business economics entrepreneurship small business

How The Great Recession is Changing American Business For The Better

Toyota Says It's Not Considering Additional Tesla Investment

By Bradley Stockwell

Marketing Director Merchant Capital Source

It’s true; money doesn’t make the world go round—conservation of angular momentum does. However, history doesn’t mark itself by Earth’s rotations but by the movements of the economies that create it. So yes, with this perspective, the cyclical movements of history are governed by money. As a physics student, I enjoy drilling things down to their foundations and at the bedrock of every change in history you’ll typically find the economy. Trends, fashion, technology, music, art, politics, war—are all reflections of the economy. Why is that? Because we as a general society identify ourselves with the way in which we earn a living and when that changes, it has a trickledown effect on everything else in our lives.

The recession marked the end of one era and the beginning of a new and (call me optimistic) better era. Adapting to the recession emboldened us to step out and find smarter ways of making a living; to finally change the many things that led us into the recession anyhow. Thanks to the internet, more people are starting businesses and launching new ideas now than ever. Online crowdfunding has given a platform on which to present and fund ideas and the online business is a cost-effective solution to sell that idea. Great things happen when massive amounts of people start pursuing their dreams—new industries are created (including the alternative lending industry in which I’m currently employed in), business practices are improved and technology advances. In the last five years there’s been an explosion of entrepreneurs and small business owners—many of whom were victims of the recession, who are shaping a better and smarter economy. Thanks to social networking, there’s been a great shift towards the empowerment of the individual; whether it be the products we buy, the media we consume, or most importantly the jobs we hold—every facet of our lives is now becoming individualized. Companies are beginning to see the benefit of having an open ear to not only their consumers, but also their employees, giving rise to a new type of entrepreneur; the intrapreneur. In fact entire business models are now shaped around the intrapreneur such as the ‘sharing industries’. Companies like Uber and Airbnb are allowing people to use their existing resources, like their car and home, to earn a part time or full time living; helping the economy boost itself on its own terms. Not to mention they are also improving the taxi and hotel industries by forcing them to adapt to this new influx of competition. These symbiotic business models, where the company, the employees and consumers all benefit, are precursors for how I think American business will look in the next ten years.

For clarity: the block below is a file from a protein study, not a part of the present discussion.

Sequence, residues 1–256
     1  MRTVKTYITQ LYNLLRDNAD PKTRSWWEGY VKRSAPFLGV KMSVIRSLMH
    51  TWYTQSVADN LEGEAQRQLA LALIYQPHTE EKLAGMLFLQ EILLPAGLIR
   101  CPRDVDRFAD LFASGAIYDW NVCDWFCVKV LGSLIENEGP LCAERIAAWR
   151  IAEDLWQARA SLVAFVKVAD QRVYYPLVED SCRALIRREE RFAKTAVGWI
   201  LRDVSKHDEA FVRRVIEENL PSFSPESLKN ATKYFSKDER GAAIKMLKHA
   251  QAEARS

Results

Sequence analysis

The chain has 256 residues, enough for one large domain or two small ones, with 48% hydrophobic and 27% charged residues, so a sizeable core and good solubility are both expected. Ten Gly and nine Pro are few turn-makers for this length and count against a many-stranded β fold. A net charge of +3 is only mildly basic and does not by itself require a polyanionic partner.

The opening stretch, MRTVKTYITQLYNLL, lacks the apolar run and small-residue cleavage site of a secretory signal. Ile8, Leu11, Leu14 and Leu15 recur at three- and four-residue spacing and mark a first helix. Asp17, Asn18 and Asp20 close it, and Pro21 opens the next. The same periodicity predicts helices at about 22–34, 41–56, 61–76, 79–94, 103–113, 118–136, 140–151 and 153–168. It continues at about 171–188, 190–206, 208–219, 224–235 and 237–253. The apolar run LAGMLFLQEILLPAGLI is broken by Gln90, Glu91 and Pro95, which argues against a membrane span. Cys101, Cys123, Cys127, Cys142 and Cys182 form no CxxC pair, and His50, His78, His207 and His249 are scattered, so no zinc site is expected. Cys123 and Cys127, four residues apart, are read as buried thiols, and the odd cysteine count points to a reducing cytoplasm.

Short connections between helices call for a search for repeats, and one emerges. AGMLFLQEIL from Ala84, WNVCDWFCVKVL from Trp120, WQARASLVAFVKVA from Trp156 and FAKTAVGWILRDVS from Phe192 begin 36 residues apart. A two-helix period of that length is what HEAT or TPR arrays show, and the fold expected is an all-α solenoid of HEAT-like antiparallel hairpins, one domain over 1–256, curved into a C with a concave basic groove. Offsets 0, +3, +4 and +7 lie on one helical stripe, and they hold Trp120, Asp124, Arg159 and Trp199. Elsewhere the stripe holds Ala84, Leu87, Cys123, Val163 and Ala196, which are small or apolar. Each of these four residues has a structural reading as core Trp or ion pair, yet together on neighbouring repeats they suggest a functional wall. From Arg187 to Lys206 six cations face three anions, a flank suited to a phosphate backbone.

It’s an exciting time to be alive. I believe we are at the beginning of a great change in humanity because of changes happening in the business world. As I stated earlier, when the economy changes everything else soon follows. We’re starting to realize the value of open-sourced sharing of information and the empowerment of individuals. While these seem like conflicting concepts, they’re not. Both need each other in order to create a competitive atmosphere and we, especially as Americans, know competition drives advancement. Elon Musk, CEO of Tesla Motors, SpaceX and Solar City, is the embodiment of this idea and I believe the archetype for the 21st century CEO. Every patent Tesla Motors held was recently released for ‘free use’ to drive the progression of electric car technology. Not only will this certainly spur the success of Tesla, but it will also contribute to the success of a recovering automobile industry and will combat the now present threat of climate change due to carbon emissions. Not to mention Tesla’s direct-sales model is also trying to kill everything we hate about buying a car from a dealership. See everybody wins—the company, the industry, the consumer and humanity.